Friday, March 11, 2016

Is it a bad habit, or is it your style?

As a poet, I have a few compositional habits that show up with suspicious frequency.

An example: I often start poems with some marker of setting—usually time, often place—rather than jumping into the substance more directly. So many of my poems begin with “This morning …,” or “Yesterday, …,” or “When I was a child ….” Since I’m aware of this tendency, I watch for it, and I tend to edit it out later in the drafting stage, but these markers are my entrĂ©e into the poem, and I tend to use them in the early drafts. Squelching the impulse too soon has proven unhelpful, leaving me stuck.

I am also in the habit of writing “chunk” poems—short pieces without stanza breaks that sit on the page like a flat stone from a river. In the interest of a varied manuscript, I sometimes go in and insert stanza breaks, but nearly as often I take them out again. Something about those poems just wants to be a chunk, and who am I to argue?

Another habit (and in describing these in my blog, I sort of feel like it would be less revealing to just post a naked self-portrait for all to see) is this certain hand-crank way of propelling a line. I turn and turn and turn and it gets harder to push and then I move to the next line and boom, there it goes—relief, and the cranking starts again. Think of a Jack-in-the-box. In my poems, the deranged clown-head pops up predictably at the start of the next line. It’s where I put my energy—into surprising readers at the start of a line. And at some point, that’s no longer all that surprising. I’m letting down Ezra. I’m not “making it new.”

I’m reluctant to call these “bad” habits—they are part of my process, and they get me into a poem, and some of them, like the setting markers, are easy to eliminate. I’ve taught composition for years, and I would never tell a student writer at the outset of a new draft that it stinks, or I’ve seen that hackneyed strategy before. When a draft is finished, I’ll often talk about things like this—“Do you think you might be able to liven up this intro?”—and the revision almost always shines. But imagine a teacher standing over your shoulder as you try to begin, and picture her saying, “Nope. No good. BORRRRRING!” You would be paralyzed. It would be impossible to write anything at all.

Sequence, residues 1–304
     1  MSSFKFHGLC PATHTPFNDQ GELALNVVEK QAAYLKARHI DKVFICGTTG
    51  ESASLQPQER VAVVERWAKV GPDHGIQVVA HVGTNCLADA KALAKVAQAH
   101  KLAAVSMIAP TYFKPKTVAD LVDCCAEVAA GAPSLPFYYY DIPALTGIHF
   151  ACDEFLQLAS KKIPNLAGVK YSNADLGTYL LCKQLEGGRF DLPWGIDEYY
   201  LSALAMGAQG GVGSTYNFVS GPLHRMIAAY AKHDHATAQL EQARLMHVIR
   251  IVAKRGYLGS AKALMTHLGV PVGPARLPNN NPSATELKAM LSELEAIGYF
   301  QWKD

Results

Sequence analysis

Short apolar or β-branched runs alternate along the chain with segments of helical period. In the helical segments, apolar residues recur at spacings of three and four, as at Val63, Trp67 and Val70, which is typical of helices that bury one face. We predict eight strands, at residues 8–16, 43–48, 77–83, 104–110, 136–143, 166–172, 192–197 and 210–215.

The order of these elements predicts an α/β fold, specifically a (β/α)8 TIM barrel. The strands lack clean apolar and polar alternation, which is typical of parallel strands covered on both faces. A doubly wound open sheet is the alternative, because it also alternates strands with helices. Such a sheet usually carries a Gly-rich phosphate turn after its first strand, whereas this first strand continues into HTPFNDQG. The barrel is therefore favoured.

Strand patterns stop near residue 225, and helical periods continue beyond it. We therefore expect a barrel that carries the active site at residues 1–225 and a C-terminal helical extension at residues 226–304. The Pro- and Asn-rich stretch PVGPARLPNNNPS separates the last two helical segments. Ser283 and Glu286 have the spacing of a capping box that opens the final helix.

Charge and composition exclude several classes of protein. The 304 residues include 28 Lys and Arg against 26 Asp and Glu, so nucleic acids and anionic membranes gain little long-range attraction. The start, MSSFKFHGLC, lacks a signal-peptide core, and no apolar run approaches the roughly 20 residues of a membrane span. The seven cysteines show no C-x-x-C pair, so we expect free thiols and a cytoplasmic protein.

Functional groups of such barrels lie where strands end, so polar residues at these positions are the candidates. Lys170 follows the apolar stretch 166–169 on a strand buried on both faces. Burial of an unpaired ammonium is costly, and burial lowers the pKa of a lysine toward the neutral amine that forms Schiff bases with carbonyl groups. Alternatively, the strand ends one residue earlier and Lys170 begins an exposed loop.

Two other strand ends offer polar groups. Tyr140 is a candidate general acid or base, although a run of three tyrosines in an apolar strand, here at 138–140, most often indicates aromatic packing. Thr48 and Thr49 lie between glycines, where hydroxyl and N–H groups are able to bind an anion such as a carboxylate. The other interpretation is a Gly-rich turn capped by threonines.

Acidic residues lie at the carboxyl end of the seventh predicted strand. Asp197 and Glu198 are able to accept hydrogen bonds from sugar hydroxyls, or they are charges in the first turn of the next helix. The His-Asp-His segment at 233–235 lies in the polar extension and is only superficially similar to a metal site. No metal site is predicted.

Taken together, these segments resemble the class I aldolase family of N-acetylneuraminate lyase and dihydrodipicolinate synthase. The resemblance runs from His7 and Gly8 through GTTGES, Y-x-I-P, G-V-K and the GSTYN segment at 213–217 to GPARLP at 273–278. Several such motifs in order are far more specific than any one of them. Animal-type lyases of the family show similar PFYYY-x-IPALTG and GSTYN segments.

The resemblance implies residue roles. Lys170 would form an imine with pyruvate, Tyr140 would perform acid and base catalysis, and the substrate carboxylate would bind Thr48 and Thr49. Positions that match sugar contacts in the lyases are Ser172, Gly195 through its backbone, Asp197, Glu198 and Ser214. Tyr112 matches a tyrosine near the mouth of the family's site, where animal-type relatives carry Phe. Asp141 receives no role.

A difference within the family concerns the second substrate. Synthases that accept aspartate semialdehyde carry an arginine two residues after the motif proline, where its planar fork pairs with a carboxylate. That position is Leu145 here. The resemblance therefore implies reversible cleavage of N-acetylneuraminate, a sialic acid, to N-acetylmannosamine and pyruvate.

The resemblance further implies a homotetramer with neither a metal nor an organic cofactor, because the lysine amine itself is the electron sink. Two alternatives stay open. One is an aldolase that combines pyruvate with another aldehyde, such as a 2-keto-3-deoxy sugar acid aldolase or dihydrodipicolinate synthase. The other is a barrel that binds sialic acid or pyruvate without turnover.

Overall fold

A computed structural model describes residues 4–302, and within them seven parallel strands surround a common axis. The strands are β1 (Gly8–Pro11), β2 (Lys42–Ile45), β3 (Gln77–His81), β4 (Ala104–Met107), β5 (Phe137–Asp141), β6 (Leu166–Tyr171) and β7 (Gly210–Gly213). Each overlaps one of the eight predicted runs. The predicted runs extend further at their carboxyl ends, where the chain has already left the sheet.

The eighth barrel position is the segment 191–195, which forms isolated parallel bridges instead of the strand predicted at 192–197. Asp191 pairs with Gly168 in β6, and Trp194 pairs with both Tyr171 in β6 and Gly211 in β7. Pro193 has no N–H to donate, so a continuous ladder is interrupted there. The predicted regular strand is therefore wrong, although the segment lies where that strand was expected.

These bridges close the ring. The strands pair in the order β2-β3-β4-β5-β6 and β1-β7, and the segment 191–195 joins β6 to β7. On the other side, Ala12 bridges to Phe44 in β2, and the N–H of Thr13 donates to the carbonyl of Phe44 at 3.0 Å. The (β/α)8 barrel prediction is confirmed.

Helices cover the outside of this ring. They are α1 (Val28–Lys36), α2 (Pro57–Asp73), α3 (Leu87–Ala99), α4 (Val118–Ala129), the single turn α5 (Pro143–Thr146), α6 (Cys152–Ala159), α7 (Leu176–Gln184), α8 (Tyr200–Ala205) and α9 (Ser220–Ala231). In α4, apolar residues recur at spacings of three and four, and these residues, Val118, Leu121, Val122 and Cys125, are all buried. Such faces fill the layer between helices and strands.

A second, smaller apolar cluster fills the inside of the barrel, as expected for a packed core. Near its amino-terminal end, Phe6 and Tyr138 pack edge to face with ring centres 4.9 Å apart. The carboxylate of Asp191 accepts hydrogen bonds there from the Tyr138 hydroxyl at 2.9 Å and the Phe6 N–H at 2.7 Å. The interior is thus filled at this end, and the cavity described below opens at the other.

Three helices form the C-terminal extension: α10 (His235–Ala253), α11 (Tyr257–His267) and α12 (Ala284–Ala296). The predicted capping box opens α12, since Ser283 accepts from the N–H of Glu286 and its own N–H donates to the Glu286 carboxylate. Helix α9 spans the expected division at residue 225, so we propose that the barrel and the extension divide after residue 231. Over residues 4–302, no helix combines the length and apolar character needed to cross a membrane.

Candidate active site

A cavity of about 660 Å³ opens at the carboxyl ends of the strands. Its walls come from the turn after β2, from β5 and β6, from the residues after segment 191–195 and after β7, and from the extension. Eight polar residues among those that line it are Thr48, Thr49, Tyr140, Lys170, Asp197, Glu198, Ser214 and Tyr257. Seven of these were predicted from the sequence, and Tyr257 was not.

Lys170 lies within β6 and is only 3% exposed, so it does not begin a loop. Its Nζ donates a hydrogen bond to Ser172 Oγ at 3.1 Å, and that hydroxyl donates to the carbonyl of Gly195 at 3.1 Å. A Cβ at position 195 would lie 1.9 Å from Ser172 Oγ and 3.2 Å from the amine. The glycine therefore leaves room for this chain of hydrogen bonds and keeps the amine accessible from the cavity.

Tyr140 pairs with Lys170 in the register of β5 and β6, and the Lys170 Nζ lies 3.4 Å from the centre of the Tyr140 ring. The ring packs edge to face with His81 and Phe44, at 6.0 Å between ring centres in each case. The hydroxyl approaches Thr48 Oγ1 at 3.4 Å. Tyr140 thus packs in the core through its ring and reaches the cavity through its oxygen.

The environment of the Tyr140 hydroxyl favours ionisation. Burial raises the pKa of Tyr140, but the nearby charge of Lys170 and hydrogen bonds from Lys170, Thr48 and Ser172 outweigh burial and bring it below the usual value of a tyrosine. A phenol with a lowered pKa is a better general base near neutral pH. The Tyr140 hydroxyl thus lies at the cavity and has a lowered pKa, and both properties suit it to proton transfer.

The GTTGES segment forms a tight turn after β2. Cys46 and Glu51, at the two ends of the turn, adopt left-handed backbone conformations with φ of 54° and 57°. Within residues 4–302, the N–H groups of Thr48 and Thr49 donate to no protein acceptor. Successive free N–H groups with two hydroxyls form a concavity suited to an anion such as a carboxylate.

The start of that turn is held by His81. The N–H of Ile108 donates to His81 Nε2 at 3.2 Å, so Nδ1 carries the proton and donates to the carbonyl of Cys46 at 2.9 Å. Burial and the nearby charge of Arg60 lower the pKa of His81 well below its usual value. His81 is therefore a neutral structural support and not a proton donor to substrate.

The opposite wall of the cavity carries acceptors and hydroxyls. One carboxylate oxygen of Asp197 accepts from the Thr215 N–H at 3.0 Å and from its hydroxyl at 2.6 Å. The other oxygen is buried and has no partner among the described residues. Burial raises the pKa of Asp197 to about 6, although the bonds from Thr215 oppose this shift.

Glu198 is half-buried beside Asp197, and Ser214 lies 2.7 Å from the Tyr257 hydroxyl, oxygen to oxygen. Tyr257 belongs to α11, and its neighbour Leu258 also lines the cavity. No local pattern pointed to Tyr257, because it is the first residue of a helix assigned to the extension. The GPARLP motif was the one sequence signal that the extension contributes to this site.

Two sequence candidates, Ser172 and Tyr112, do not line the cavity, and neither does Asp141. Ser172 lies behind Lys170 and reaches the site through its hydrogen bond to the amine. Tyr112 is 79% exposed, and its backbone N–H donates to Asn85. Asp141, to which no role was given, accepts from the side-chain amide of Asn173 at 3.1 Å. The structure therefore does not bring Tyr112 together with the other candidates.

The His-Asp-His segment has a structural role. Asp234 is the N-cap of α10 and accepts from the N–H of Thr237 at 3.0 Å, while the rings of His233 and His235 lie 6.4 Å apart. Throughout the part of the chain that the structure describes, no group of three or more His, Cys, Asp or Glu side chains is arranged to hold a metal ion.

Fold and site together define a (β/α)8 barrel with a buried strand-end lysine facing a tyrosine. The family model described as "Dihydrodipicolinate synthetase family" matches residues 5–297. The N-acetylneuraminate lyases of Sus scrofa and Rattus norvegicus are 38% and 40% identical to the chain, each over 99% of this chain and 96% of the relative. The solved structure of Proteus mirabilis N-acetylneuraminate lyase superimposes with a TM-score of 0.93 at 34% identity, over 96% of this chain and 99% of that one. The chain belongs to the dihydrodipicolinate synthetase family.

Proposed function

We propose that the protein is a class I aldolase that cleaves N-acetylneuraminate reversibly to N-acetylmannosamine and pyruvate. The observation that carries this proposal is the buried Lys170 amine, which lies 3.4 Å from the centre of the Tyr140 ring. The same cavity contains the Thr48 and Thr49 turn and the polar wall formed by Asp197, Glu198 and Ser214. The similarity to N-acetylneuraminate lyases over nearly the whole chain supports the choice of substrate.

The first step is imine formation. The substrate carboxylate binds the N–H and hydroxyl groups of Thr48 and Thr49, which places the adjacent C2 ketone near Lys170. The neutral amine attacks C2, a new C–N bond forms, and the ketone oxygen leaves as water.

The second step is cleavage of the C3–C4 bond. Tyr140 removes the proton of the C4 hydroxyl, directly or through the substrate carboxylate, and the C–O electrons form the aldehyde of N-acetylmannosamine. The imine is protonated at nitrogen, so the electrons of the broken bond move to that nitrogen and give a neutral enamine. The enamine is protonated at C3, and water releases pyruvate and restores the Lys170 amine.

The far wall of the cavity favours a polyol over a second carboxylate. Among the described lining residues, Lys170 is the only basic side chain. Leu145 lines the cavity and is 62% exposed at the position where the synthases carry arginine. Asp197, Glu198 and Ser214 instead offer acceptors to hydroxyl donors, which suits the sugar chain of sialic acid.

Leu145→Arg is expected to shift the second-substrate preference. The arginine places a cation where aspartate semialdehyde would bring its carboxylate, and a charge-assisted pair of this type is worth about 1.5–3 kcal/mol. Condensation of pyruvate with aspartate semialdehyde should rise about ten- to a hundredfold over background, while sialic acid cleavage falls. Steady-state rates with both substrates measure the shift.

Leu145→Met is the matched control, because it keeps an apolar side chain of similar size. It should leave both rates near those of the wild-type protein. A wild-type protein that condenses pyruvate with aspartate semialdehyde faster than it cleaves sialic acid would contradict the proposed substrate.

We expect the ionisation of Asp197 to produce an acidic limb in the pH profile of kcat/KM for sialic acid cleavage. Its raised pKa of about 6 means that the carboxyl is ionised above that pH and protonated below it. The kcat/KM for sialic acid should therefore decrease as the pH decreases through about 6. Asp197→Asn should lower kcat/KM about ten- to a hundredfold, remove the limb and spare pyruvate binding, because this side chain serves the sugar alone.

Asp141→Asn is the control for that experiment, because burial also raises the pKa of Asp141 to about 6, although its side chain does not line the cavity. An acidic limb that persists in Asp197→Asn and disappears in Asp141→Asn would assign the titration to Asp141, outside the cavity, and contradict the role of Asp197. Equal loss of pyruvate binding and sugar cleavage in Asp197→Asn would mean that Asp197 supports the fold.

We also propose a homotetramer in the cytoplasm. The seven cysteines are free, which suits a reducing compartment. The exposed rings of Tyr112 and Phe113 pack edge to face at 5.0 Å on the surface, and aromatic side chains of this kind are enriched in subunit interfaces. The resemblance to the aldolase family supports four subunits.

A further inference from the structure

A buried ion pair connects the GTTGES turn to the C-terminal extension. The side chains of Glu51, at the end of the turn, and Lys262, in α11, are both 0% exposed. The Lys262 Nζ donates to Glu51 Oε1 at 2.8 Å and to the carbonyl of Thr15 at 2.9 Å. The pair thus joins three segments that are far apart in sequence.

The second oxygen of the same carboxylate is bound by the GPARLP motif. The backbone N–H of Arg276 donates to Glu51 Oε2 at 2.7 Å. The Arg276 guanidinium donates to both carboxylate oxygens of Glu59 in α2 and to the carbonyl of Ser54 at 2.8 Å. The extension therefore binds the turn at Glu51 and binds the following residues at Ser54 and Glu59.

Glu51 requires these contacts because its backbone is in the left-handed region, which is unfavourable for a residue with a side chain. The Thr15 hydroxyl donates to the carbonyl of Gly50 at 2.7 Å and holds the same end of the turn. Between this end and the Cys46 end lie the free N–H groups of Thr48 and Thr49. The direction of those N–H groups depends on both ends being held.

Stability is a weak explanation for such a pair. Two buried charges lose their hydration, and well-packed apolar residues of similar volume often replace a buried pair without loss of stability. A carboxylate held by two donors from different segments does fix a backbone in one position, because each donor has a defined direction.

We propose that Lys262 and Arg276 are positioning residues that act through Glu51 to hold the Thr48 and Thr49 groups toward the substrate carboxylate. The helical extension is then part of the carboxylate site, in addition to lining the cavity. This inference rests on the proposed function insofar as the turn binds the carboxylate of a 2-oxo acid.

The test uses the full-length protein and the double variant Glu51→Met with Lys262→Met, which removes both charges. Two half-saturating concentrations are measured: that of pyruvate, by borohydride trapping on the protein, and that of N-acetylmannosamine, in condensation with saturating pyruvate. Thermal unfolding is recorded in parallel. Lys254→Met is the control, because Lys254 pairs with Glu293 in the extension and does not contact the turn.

I don’t actually have to imagine this scenario. I remember very well my first day as a newspaper reporter at a small newspaper. I’d set up my desk with its pictures and its pencil holder, and I was getting ready to jazz up a news release when in walked the members of the local school’s teachers’ union. It was a small paper, down a few staffers, and the entire newsroom consisted only of me, the editor-in-chief, and two sports reporters. The editor was married to a teacher and union member, so that left me, on day one, to write up the biggest news in the city: the teachers were walking out.

The story could not have been more important to my editor. (I’m sure he would have heard about it, had we gotten it wrong.) And he didn’t know me well at all—didn’t know first-hand if I could even write a story, much less report important, nuanced breaking news that he had a personal stake in. He couldn’t write it himself, and he was a very ethical person who would never have interfered with my reporting, unless he noted a substantive error. But what he could do was stand behind me, his hands on my chairback, and bend to look at my screen. I remember trying to write that story—my first four column inches of a career that would include tens of thousands (maybe more). I could hear him breathing. I’m an extremely fast typist typically, but that day my keyboarding was glacial: “Kenton … teachers … staged … a walkout … today … to … protest … … …” (delete). “Today, … the … entire … faculty … … …” (delete).

We do this to ourselves sometimes. We know when we’re using the same old tricks, and we’re like that editor, staring down our page. We feel his breath on our hair. We sense we’re potentially screwing up something important.

Some of our habits can turn out to be good. Collectively, they can make up our style. All habits, though, need to be scrutinized. Am I writing this poem in this way because that’s the easy way? Am I too bound to certain ways of thinking? I know that sometimes the shape of my argument can be similar from poem to poem: I set up some claims, I offer a faulty hypothesis, I resolve at the end. A repetitive rhetoric is something readers pick up on. I’m firmly convinced that this is why Billy Collins doesn’t always get the credit I think he deserves; it’s because most of his poems have the rhetoric of a joke—a big setup and a fast punch line at the end. I continue to enjoy his work, but I see how some readers roll their eyes and fail to take him seriously.

It’s a fine line, isn’t it? We want to squelch our habits, especially our most transparent ones, without chasing away the muse. The suggestion I offer myself is to be continually observant but to let the draft happen. When I notice myself showing my hand, I gentle up my gaze and move on, knowing that I’ll get to the matter on revision if it continues to be problematic.

I make myself continue, though. The poem needs to come into being. With luck and with resolve, I’ll fix it eventually.


  1. Thanks again, Karen! You are so generous with your insight and tips on this blog. The metaphors bring the messages home.

  2. "Flat stone from a river." Now that would make a good poem. Or series of poems.